Dietary habits play a crucial role in blood pressure control.

The meals we consume play a vital role in maintaining blood pressure control. A balanced diet that includes low-salt foods, fruits, vegetables, and whole grains can help lower and maintain healthy blood pressure levels. Processed foods, skipping meals, excessive alcohol consumption, and a high-sodium diet can increase the risk of developing hypertension.

Quitting smoking can lower your blood pressure.

Smoking is injurious to health and can be particularly harmful to people dealing with high blood pressure. Nicotine in cigarettes increases blood pressure, making it challenging for people to manage their high blood pressure even while on medication. Quitting smoking or decreasing the number of cigarettes smoked daily can significantly contribute to healthy blood pressure levels.

Blood Pressure Medication Myths

Myth: Blood pressure medication is addictive.

Blood pressure medication is not addictive. Blood pressure medication is used to control high blood pressure levels, prevent organ damage, and reduce the risk of heart attacks and strokes. On the contrary, adherence to medication and timely refills at the pharmacy is essential to prevent complications in people with high blood pressure.

Myth: Blood pressure medication is expensive.

Blood pressure medication is available in several brands and generic formulations, and many of these are inexpensive. Most insurance companies and healthcare plans offer coverage for hypertension medication, and there are government programs that offer free or low-cost medications for people in need.

Myth: Blood pressure medication leads to side effects.

Like any medication, blood pressure medication can cause side effects in some individuals. It’s important to note that not everyone who takes blood pressure medication will face side effects. If you do experience side effects, you must discuss this with your doctor, who can help adjust the dose or prescribe alternative medication.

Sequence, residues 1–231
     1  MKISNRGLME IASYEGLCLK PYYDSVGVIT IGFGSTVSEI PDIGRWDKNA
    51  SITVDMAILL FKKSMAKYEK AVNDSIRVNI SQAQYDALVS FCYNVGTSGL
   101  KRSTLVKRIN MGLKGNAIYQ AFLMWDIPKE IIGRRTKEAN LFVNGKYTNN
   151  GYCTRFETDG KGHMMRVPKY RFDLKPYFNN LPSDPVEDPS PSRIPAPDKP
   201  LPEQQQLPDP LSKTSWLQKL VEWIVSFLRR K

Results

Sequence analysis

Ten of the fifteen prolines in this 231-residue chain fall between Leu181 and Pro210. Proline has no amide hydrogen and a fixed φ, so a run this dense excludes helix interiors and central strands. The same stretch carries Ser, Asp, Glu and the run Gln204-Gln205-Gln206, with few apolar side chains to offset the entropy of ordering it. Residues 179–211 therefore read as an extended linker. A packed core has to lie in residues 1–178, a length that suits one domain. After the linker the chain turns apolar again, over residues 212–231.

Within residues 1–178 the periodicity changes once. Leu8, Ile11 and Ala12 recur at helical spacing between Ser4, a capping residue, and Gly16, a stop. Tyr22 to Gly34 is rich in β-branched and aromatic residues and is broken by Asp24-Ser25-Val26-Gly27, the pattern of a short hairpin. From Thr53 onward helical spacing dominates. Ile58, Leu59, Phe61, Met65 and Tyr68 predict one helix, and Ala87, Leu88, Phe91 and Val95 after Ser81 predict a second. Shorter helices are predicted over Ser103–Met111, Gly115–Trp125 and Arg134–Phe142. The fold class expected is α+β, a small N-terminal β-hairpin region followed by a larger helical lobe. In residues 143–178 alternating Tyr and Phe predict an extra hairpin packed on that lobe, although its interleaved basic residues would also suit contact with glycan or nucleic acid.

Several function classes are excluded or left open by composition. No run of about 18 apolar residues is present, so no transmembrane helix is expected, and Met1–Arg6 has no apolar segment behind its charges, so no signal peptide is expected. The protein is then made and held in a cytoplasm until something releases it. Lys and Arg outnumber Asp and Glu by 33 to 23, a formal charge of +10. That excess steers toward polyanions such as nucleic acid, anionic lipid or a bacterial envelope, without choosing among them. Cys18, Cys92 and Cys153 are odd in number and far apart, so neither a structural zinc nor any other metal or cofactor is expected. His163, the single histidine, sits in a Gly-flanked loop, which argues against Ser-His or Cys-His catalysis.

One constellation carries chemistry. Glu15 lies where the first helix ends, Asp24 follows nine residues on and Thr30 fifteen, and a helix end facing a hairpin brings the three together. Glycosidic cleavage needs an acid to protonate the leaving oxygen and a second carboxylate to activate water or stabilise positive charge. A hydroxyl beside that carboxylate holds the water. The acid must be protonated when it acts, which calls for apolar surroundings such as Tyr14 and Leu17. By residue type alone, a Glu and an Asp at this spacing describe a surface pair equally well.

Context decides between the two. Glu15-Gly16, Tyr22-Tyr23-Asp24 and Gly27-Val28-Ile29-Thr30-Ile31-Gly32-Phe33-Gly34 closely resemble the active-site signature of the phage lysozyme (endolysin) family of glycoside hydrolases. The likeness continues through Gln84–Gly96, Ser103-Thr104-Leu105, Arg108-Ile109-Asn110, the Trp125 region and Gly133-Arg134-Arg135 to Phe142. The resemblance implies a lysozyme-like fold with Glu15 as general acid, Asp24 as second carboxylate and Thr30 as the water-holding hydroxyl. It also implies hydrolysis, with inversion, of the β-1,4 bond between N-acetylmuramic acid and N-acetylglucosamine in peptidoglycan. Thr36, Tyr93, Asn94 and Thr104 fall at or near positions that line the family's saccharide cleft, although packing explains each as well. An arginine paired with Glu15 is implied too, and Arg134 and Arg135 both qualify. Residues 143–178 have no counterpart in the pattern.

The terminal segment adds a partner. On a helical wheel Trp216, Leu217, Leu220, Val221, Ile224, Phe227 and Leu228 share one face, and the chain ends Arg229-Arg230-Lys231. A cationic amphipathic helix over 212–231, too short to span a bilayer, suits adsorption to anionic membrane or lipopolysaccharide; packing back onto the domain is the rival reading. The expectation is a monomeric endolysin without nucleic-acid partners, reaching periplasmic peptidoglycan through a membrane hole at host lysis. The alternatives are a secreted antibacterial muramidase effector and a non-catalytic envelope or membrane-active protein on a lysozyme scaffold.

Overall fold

Frequently Asked Questions

  • Which type of blood pressure reading is more critical, systolic or diastolic? Both systolic and diastolic readings are important. However, a diastolic reading of 90 mm Hg or above generally signals hypertension.
  • Is hypertension related to stress or headaches? Stress and tension headaches are not directly related to blood pressure. However, stress management techniques or medications can help manage blood pressure in some individuals.
  • Can a change in diet alone reduce blood pressure? Yes, a change in diet, coupled with weight management, can bring remarkable improvements in blood pressure levels.
  • Can hypertension lead to heart disease or stroke? Yes, hypertension can damage the arteries that supply to the heart and brain, increasing the risk of heart disease or stroke. Timely interventions and controlling hypertension can lower this risk.
  • How does family history of hypertension influence my risk of developing the condition? Family history of hypertension places an individual at a higher risk of developing the condition. Regular check-ups and prompt medical interventions become crucial in such scenarios.

Finally, hypertension is a complex medical condition, and it requires management and appropriate interventions. Prompt medical attention and regular blood pressure monitoring can help manage hypertension and reduce the risk of related complications.


  • Aronow, W. S. (2017). Hypertension guidelines. Hypertension Research, 40(7), 573–575.
  • Balakumar, P., Maung-U, K., Krishan, P., & Singh, M. (2016). Possible molecular targets of garlic for hypertension management. Journal of Agricultural and Food Chemistry, 64(21), 4435–4446.
  • Mayo Clinic Staff. (2021, May 07). Hypertension (High Blood Pressure). Mayo Clinic.
  • National High Blood Pressure Education Program. (2004). The seventh report of the Joint National Committee on Prevention, Detection, Evaluation, and Treatment of High Blood Pressure. NIH Publication No. 04-5230.